Key to AT&T’s proposition is making life easier for its enterprise customers by enabling them to manage their services via an online self-service portal: “On Demand capabilities dramatically change how AT&T customers do business and manage systems, platforms and software. They speed up and simplify the process, and give users more flexibility in managing their own network,” notes the operator.
It’s fair to say that AT&T is putting into practice what many operators have been hoping to achieve from their SDN and NFV strategies.
Boingo Wireless — Offices and Networks Go Virtual
WiFi networking specialist Boingo hasn’t made a lot of noise about its NFV deployment strategy but it’s a smart approach that has helped the company build new business and operational opportunities.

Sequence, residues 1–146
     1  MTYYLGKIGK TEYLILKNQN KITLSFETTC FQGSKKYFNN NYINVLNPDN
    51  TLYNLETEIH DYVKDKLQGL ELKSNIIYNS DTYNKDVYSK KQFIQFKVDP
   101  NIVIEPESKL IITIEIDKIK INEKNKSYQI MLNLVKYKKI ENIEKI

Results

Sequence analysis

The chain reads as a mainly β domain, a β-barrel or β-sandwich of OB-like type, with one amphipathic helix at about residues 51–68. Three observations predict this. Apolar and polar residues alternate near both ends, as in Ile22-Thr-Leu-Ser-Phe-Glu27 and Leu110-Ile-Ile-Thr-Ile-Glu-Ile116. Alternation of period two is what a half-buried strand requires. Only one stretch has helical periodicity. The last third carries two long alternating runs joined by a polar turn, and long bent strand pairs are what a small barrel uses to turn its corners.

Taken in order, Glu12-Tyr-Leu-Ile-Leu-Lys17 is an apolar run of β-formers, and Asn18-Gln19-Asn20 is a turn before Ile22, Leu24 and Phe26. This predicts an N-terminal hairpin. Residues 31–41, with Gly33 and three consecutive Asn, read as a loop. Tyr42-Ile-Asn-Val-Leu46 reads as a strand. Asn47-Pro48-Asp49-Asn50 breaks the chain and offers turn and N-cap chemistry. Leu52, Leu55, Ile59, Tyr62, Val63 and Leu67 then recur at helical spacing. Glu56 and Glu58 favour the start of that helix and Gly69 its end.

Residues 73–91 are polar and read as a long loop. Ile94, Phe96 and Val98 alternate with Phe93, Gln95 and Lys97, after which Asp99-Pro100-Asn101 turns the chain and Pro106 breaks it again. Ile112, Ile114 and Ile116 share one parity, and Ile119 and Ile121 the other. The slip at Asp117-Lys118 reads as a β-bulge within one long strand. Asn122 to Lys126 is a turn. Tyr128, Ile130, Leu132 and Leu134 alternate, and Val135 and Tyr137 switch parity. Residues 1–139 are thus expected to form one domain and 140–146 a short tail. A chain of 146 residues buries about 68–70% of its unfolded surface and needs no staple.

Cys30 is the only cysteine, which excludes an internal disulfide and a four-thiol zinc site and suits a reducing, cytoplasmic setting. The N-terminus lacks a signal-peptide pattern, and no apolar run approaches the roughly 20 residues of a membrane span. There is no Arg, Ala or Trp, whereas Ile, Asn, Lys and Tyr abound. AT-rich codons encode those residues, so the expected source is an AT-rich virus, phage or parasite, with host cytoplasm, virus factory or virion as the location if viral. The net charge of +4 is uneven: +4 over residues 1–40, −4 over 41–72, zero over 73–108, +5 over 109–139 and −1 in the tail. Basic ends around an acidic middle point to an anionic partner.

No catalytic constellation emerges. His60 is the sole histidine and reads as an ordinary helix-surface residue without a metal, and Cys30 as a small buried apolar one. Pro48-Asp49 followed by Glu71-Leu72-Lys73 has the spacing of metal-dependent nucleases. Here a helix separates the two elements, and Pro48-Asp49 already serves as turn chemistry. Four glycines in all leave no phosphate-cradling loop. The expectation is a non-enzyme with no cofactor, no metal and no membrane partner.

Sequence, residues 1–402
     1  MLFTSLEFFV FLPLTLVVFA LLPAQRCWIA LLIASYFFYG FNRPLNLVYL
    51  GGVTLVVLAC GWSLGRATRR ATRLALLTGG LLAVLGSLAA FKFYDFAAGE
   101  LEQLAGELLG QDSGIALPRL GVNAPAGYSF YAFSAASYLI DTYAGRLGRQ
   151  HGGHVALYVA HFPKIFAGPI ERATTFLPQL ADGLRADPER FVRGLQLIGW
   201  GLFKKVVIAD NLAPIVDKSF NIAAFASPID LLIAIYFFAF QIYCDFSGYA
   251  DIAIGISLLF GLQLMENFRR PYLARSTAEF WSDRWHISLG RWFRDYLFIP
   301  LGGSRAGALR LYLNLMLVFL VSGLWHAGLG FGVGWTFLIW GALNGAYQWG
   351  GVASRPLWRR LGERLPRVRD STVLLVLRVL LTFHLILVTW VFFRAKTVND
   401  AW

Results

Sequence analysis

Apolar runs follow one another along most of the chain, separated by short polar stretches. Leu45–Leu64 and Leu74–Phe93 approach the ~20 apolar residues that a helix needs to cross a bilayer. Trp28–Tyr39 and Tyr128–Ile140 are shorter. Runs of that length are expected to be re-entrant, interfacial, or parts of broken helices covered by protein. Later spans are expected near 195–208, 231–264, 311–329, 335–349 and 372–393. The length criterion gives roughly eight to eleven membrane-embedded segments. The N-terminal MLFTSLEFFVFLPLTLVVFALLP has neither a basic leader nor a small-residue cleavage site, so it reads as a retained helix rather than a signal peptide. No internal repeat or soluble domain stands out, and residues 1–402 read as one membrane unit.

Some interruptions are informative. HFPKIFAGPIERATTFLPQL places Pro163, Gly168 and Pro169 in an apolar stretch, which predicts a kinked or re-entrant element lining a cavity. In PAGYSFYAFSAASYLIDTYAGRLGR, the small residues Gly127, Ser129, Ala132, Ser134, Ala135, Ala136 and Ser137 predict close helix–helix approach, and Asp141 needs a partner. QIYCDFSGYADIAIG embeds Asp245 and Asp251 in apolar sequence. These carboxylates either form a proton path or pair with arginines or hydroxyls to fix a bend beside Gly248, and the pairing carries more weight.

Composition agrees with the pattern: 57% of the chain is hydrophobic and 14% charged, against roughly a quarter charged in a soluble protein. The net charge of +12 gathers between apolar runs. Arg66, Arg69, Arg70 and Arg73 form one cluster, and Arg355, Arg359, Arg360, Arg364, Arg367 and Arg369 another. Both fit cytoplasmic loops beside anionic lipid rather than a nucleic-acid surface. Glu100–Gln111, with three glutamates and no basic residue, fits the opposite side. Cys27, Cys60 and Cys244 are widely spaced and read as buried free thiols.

Its NFV capabilities, developed in-house, are at the heart of its S.M.A.R.T. network strategy, which provides faster speeds and a differentiated, tiered connected experience to respective groups of consumers. Boingo’s NFV technology allows it to “dynamically scale to meet capacity demand created by consumers looking to download video, upload large files and stream media,” the company says.
That capability has played a critical role in Boingo’s relationship with Sprint, for which it offloads data traffic as part of a roaming agreement. When the Sprint relationship kicked in, the mobile carrier began “automatically offloading tens of millions of devices to Boingo networks in real time… Boingo was able to auto-scale from six servers to more than 50 immediately, without time-consuming configuration and launch processes.”
Boingo’s NFV strategy is a classic case of emerging technology being put to targeted business use.
Masergy Communications — Masergy Managed Network Functions f(n)